Podravina region in Croatia is encompassed by the wild Drava River and Bilogora hill. It is a home of naïve art, lovely landscapes and wilderness.
Podravina is a northern region in Croatia, bordering Hungary and neighbouring Varaždin, Bjelovar and Virovitica region. It is named after the Drava River, one of the last remaining lowland rivers in a natural state. The Drava is a hotspot of biodiversity, keeping its natural dynamics with natural banks, gravel bars and vast flooded forest.
Podravina is flat, rising gradually to low Biologora hills. Agriculture is the main economic activity, and most of the plains is covered in colourful fields. In spring, various crops are in a different colour, while rapeseed fields are bright yellow.
Đurđevac sands are remains of once extensive sand dunes, brought by the Drava River during the last ice age. The sands are reduced in surface but are still an attractive feature of Podravina. Gravel pits are formed from gravel extraction. Now, they are lakes and wetlands used by both nature and people. Šoderica is the largest and most known.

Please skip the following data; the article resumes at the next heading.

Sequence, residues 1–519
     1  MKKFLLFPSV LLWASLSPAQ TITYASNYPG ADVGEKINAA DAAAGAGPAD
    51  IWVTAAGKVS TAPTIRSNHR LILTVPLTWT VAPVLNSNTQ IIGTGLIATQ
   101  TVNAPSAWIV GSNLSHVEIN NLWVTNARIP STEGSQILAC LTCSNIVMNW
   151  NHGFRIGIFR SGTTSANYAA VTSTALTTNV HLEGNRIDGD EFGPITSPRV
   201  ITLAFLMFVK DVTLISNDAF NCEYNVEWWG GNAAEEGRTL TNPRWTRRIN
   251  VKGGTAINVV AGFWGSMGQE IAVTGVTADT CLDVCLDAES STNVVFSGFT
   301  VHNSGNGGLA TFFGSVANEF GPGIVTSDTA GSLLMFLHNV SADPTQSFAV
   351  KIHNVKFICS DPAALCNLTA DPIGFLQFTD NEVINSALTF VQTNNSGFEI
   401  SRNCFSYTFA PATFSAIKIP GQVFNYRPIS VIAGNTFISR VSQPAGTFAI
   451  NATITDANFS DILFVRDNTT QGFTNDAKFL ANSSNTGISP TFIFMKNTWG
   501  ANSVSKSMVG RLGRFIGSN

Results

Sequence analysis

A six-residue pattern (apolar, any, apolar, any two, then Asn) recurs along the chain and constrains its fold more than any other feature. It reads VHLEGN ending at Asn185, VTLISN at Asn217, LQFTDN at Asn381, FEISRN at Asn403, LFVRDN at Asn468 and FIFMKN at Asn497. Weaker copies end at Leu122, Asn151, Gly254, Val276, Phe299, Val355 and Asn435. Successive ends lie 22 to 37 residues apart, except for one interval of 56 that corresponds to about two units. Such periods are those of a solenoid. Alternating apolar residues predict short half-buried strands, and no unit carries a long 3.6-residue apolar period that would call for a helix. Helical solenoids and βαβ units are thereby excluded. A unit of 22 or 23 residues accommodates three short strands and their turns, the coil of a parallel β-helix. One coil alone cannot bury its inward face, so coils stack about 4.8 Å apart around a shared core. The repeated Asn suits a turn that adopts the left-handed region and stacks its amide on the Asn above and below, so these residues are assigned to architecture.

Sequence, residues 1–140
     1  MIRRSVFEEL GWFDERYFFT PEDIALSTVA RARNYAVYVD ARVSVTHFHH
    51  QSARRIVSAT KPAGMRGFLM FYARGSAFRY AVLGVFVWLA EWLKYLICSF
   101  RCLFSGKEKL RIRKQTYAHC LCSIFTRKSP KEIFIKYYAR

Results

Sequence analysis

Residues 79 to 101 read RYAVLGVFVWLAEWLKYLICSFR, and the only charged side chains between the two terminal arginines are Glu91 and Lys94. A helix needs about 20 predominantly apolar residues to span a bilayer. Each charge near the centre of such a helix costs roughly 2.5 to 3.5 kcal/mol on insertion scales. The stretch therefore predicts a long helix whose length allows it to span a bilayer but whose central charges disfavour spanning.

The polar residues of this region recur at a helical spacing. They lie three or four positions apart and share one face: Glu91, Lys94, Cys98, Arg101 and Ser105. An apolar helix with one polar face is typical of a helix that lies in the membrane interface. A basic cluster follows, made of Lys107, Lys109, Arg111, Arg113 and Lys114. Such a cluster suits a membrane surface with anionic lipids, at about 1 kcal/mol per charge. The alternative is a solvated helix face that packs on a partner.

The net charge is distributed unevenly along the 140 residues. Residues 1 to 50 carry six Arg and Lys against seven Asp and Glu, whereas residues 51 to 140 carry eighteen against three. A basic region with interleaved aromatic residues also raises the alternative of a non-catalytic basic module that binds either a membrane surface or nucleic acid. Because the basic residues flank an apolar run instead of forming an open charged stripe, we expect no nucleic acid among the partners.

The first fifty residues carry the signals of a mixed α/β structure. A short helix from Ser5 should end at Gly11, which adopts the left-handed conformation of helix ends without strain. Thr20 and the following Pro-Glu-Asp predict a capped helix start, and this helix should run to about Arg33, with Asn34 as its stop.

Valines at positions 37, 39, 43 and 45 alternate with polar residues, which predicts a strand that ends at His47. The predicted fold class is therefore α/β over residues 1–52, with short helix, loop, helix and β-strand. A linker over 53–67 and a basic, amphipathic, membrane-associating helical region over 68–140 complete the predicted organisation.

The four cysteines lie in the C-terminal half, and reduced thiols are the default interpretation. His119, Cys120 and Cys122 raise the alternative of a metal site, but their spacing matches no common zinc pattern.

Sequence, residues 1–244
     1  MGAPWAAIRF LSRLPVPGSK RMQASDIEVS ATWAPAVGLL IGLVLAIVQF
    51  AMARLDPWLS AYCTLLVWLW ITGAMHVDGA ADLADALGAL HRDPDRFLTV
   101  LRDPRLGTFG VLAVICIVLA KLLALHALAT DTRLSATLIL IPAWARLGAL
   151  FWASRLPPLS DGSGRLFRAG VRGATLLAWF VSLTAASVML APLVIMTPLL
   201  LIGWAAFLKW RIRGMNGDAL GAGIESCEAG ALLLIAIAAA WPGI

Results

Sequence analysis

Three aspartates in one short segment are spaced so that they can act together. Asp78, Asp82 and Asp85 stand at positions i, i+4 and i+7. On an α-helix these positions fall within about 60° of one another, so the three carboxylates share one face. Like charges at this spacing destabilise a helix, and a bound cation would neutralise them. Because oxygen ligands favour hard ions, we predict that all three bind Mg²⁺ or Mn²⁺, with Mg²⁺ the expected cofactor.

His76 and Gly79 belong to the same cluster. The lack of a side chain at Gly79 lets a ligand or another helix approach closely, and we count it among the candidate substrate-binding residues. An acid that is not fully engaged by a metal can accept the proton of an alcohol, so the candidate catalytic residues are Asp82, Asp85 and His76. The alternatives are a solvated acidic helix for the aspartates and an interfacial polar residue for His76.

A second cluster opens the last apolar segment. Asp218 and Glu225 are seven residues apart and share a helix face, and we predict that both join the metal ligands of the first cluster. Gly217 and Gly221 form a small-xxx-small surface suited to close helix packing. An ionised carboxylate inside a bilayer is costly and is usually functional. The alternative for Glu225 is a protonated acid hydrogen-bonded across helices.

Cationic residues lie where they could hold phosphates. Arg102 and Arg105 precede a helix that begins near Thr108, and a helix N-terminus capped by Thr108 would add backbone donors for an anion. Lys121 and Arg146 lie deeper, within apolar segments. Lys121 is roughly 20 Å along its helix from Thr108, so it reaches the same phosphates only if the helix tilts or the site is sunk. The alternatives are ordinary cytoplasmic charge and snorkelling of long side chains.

Plains are dotted by large villages. Also, there are three larger towns: Ludbreg, Đurđevac and Koprivnica, the largest of all.
Podravina is the birthplace of Croatian naïve art, especially Hlebine village. Several peasant artists have created a wave of painters, who depict mostly the scenes of traditional rural life.